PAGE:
Akera Sellers traveled extensively as a young professional in finance—and during that time, he had his fair share of coffee. He soon became fixated not only on the quality of the coffee beans, but on the freshness in which each cup was served. Exchanging banks for beans, Sellers founded Brickhouse Gourmet Coffee Tea & Co., a gourmet beverage company that delivers fresh coffee and teas. Curating a selection of hand-picked coffee beans and tea leaves from around the world, Brickhouse performs all roasting and brewing processes in-house in South Carolina. Through their online retail store, Brickhouse offers unique coffee blends in all different forms, from whole bean to espresso grind, as well as numerous gourmet tea options like South African Rooibos herbal tea, apple spice flavored tea, and Japan Sencha loose leaf green tea. With a variety of special blends and origins, Brickhouse says customers can expect “a unique experience with every sip.”
We spoke with Akera and business partner Derrick Holland to discuss all things coffee, tea, and their business journeys as young entrepreneurs.
How did you become interested in the coffee and tea business?
Derrick: My background was in culinary arts and food science. I worked in a few restaurants. When I got my food science degree, I did quality assurance for a chocolate manufacturer. I also did product formulation and flavor houses for food companies around the nation. Food in general and the science behind it has always been something that excites me. So it wasn’t a big jump for me to go into the coffee and tea world.
Akera: The only prior experience I have in coffee or tea was simply drinking it. Before this, I was actually a financial analyst working at the Mercantile Exchange. Part of my job required a lot of international travel. During that time, I looked forward to two things: a good meal and a really good cup of coffee. What intrigued me the most was not that I was getting a good cup of coffee, but the way it was served—which was always fresh. That’s what I wanted to capture and share and bring back home. That experience is what motivated me to learn more about the coffee business and eventually start Brickhouse.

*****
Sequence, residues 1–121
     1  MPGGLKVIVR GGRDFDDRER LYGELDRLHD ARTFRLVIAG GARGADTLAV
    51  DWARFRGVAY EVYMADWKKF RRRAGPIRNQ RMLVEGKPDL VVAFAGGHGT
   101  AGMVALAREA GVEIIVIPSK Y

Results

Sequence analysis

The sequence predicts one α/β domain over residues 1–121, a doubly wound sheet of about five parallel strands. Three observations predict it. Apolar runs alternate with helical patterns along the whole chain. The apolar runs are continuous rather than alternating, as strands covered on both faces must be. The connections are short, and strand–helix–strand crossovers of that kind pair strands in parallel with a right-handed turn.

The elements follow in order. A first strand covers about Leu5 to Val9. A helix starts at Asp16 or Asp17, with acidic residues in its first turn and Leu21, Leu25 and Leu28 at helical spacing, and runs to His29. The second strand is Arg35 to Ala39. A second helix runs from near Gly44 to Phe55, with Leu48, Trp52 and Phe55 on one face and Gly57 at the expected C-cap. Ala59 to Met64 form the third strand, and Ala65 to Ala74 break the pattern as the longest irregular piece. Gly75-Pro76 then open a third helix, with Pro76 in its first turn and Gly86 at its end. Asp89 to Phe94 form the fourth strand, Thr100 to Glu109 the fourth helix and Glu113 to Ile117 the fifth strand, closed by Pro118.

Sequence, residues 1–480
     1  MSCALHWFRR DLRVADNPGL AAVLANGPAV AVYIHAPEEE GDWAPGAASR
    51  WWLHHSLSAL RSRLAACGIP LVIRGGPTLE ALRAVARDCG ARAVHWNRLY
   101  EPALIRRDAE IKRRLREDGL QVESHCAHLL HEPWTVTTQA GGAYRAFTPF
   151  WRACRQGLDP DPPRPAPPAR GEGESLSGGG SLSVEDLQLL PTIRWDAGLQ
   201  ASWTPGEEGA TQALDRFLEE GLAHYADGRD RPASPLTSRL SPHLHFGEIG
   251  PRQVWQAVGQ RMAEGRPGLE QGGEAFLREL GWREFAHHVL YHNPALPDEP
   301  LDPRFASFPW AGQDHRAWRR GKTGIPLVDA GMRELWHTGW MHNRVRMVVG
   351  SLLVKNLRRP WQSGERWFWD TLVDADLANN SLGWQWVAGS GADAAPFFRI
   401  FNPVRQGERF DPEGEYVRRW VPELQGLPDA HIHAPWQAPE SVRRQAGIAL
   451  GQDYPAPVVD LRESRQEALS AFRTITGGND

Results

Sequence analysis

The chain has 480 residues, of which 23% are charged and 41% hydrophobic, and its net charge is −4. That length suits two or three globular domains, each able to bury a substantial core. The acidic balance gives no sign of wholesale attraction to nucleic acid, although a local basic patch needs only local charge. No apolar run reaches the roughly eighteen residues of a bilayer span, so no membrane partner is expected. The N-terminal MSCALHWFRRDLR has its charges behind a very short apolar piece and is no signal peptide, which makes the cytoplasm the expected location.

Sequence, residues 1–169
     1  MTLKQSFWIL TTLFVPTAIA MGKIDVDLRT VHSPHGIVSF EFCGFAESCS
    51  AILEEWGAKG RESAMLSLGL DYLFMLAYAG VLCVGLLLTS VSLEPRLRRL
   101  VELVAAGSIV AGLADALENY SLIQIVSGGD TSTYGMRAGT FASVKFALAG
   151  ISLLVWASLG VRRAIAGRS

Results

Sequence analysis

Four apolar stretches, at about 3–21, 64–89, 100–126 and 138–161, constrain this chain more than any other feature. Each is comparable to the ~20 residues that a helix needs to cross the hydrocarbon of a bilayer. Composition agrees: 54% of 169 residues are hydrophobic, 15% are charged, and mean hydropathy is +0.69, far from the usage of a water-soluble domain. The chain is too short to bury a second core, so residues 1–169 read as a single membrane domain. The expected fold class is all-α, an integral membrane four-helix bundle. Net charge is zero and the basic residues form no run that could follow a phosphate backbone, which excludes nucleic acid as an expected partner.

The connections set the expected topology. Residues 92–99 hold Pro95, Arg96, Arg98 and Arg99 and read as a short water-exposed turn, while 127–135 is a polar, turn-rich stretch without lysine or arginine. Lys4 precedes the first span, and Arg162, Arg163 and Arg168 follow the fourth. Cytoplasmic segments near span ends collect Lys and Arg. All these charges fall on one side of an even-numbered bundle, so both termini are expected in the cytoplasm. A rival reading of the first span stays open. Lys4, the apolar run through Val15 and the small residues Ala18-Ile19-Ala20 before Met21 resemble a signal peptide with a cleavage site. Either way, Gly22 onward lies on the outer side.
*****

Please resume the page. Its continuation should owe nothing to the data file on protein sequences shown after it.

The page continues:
Can you talk more about your process for sourcing and delivering fresh coffee?
Akera: Originally, our mission was just to deliver freshly roasted coffee. We actually started working with co-ops to help provide access to regions that grow the beans that we’re looking for. We also work with these co-ops to collaborate on future projects, not only on the coffee spectrum, but also on projects that involve the local communities. We have some in Africa and South America as well. As I mentioned, I wanted to bring that experience of delivering freshly roasted coffee home. I actually purchased a small, personal home-roasting machine, so that I always had access to fresh coffee. Soon, I reached out to a friend that had over 20 years of experience roasting coffee. I shared my idea with him and luckily for me he was available to join me on this adventure. He’s currently our roast master.
Being that your initial focus was coffee, how did you learn the ins and outs of the tea business?